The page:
Archival framing, especially for digital art and photography is the difference between passing a piece of art down to your children and selling it at a yard sale in 10 years.
Most all photography and digital art today is printed on an ink jet printer so the first important part is your paper and ink. There are two kinds of ink, dye ink and pigment ink. While both dye inks and pigment inks have been improved over the years, pigment ink is still the best for longevity. Epson pigment ink, which I use, is rated for 250 years. It won't last that long though, unless you use the right paper as well.
This brings us to another choice, art paper vs. photo paper. Fine art paper is specifically made for high quality and longevity. One addition I make to my prints is to print on heavy paper. I use a hinge mounting technique and with the panoramas a heavy paper keeps them from becomming wavy in the frame.
Hinge mounting vs. dry mounting. Both are ways of attaching the print to the backing board. Because a print should never be placed directly against the glass or plexiglass your backing board is most likely going to be larger than your print to allow for matting. The one benefit of hinging over dry mounting is that hinging allows to print to be removed easily from the backing board. With dry mounting you cannot easily reframe your print to a larger or smaller mat size. With hinging you can easily remove your print and attach it to a different size backing board. Dry mounting will keep you print flat but it is also permanently attached to the backing board. Hinging allows the print to breathe which means it can respond to changes in temperature or humidity and stay flat. If moved from extreme humidity or heat into a home or office environment it may take a few days to resolve.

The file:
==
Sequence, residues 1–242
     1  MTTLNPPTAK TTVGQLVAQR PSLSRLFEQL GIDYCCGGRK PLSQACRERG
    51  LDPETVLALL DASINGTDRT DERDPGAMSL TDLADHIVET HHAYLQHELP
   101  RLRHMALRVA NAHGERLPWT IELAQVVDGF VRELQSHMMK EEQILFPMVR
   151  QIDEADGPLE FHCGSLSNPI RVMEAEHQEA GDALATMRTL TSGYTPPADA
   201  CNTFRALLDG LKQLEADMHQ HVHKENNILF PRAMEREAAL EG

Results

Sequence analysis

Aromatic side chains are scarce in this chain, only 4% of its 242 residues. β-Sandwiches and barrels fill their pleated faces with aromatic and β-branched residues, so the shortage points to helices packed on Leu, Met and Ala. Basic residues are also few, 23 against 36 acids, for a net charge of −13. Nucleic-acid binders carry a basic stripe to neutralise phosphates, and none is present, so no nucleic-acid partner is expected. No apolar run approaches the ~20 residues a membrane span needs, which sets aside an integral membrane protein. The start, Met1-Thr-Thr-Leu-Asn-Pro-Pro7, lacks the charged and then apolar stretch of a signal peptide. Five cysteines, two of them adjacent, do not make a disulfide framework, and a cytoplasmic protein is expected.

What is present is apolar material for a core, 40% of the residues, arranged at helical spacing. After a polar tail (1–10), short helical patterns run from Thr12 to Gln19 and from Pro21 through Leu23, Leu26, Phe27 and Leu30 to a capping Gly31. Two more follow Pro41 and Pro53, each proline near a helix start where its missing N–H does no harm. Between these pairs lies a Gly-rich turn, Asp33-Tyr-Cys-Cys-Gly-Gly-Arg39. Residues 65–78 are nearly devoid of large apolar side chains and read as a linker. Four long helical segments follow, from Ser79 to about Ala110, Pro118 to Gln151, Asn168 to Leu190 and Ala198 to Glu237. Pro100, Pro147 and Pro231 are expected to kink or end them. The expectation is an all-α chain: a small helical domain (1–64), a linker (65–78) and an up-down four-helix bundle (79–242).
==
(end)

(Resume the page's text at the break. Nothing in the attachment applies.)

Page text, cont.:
On to the matting. The most important component of mat board that is touching your artwork is that it be acid-free and lignin-free. You can see a description of the different kinds of matboard below. I use AlphaMat. There is a higher quality mat board called museum mat but it is used primarily by museums for rare works of art. I also use an acid-free archival backing board.
And last the glass or acrylic to protect your artwork from the elements. UV resistant glass or plexiglass is the thing to look for. Strangely enough I've found glass to be more durable and travels better without damage than acrylic so I use TruVue Conservation Clear glass. It is reflective and the only non-reflective glass I have found that doesn't cut down on viewing the image is TruVue Museum glass which is quite expensive and difficult to work with. If you really need non-reflective or need acrylic for the lower weight you can always order a print and take it to a framer who will have more options for you.
A little extra reading: